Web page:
Reflective Writing

Very early on during my degree in Learning, Technology and Research, a degree that is delivered online and based on action inquiry/research, as well as the students’ individual professions, we learned about writing in different genres to encourage new perspectives and deeper reflection. As a result, I have used poetry, story boards, cartoons, and stories to reflect on my practice. I have written letters to myself from different perspectives, and while all of this is still a fragment of my imagination, it is also stunning how quickly we can take this different perspective.

The sad thing is that I haven’t used genre writing outside of my degree. But I will try to do it. I have also thought about using genre writing for the classroom. Can you imagine the implications this has on developing an understanding of perspective? How social relationships could be developed this way?

But let me start with an example from my classroom. In the last school year, one of the students in my class would come in tired every morning. She would not participate much in the morning meeting, she would not follow discussions very well and found it hard to work effectively as well. This would persist until way later in the morning, often after break time. But then she would be able to work well.

Of course, I see all this now, but when it started, I was inclined to think that she was not participating in morning meetings for other reasons. If you offer Maths in the mornings, you might think that she is working on a lower level than she is able to. Hey, we know how it is, some of us just don’t like to TALK in the morning. We might be slower than in the afternoon…. it depends! Students are no different.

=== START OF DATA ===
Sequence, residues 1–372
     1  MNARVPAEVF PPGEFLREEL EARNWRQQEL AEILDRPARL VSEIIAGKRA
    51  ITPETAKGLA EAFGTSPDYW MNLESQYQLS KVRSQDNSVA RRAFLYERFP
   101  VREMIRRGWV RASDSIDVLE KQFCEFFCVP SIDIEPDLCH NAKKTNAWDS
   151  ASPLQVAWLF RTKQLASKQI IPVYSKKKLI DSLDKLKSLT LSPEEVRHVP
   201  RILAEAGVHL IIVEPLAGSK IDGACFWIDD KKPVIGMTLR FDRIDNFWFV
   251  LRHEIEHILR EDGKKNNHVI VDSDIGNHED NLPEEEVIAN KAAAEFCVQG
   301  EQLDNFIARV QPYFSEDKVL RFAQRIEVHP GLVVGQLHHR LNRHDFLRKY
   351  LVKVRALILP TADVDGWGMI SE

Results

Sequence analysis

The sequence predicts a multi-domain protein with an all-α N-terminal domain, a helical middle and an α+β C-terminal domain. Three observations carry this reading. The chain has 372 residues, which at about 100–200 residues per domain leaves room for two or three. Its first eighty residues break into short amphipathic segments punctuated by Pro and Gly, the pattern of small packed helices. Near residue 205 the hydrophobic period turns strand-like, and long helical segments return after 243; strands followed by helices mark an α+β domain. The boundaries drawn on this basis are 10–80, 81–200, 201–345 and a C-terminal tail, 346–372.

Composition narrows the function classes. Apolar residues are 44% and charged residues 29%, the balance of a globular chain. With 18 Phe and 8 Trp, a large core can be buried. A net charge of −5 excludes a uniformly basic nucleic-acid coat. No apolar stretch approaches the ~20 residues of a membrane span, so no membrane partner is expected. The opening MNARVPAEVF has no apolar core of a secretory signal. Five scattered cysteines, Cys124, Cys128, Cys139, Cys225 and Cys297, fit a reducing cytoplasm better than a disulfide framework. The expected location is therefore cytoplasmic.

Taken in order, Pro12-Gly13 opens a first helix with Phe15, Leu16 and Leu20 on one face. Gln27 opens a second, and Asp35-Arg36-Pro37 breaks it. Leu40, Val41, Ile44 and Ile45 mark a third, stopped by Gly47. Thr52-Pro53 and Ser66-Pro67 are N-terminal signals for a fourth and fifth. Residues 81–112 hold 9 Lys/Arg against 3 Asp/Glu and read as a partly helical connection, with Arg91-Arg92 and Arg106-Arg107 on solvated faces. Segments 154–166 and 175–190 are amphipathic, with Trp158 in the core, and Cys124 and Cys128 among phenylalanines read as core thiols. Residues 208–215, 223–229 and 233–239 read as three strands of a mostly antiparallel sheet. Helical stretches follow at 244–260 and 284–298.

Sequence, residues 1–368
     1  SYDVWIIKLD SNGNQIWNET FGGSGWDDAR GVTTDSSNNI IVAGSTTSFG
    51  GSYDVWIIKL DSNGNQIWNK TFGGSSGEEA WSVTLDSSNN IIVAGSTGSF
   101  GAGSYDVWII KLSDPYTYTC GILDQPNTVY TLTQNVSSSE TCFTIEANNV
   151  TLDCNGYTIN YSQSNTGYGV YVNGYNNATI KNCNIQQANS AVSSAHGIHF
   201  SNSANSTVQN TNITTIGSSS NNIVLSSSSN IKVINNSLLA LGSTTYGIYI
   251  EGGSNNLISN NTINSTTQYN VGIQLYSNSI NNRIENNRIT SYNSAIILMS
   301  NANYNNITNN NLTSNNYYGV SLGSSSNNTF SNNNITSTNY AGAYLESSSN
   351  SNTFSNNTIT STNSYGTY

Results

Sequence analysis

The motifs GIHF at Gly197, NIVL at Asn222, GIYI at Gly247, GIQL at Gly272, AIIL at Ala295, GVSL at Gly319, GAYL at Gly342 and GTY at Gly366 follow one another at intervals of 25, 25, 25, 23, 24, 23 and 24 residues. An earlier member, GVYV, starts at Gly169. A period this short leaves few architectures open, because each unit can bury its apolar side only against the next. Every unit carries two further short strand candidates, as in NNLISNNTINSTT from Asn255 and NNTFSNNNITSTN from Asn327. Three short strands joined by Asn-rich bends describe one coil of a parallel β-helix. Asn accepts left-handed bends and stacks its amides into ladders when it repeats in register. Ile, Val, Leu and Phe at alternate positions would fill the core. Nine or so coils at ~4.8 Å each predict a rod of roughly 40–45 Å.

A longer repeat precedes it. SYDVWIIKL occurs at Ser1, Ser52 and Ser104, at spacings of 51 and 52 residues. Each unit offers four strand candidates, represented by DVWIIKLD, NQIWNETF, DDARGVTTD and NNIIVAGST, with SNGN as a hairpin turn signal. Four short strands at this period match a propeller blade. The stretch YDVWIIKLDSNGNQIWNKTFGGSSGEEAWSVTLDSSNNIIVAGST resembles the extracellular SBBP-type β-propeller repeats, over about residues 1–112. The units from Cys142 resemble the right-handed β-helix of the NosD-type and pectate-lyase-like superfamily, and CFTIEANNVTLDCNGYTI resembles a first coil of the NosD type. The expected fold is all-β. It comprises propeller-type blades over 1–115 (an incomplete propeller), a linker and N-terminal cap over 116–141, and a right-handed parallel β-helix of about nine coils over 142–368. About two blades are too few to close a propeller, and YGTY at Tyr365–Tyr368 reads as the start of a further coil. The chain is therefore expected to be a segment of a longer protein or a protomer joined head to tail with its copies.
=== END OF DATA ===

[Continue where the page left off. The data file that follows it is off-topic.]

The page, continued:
I noticed this when I introduced rotations to the morning. Instead of morning meetings and other “talk-based” activities, the students were able to rotate between different stations, Unit of Inquiry-related work, Mathematics, Reading… This would go on for 1 1/2 to 3 hours in the morning. And I observed an interesting pattern with this girl. She would come in and observe for a few minutes, then make a choice and BOOM, she was awake and effective. Then, when tiredness grabbed her again, she rested.

You might think that this is it. But somehow I was not able to put 1+1 together that easily during the school year, and when we paused rotations for a while, I fell back into old patterns too, wondering why this students was not participating, etc.

This is where reflective writing can help. In this case, the student (lets call her Anne), is writing in her diary.

Dear Diary,

Yesterday evening I had great fun with my sister, and when it was time to go to bed, I was unable to sleep. I can’t sleep well at night, and usually stay awake until 11 o’clock or later. I don’t know why. And in the mornings I’m tired. I don’t like to be tired, because I love school. I can’t eat well when I’m tired either, so my breakfast is usually a cookie.

It’s okay to be tired when we have rotations. We don’t have to talk all the time, and I can focus on my work at my own pace. I love it. I wake up much quicker and it’s fun. And we still talk and discuss after lunch. But today we didn’t have rotations. We started with the morning meeting. I was so tired. I don’t want to seem rude, but listening to everyone this early in the morning is hard. And sitting around does not help. Also, I don’t like to talk much in the mornings, but luckily I was able to opt out of sharing today.

I could see that Miss Jessica was not happy about my behaviour. I had to keep moving around to keep myself awake. Also, during rotations we can sometimes just talk to each other and say something important to our friends, but in a morning circle you can’t do that. And I had something important to say to Alice.

I hope tomorrow we have rotations again.

Good night, Anne

As you can see, the perspective differs from mine. But it is a great way to be empathetic, to slip into someone else’s shoes and to question your own beliefs and behaviour.
I wonder how many students are like this.

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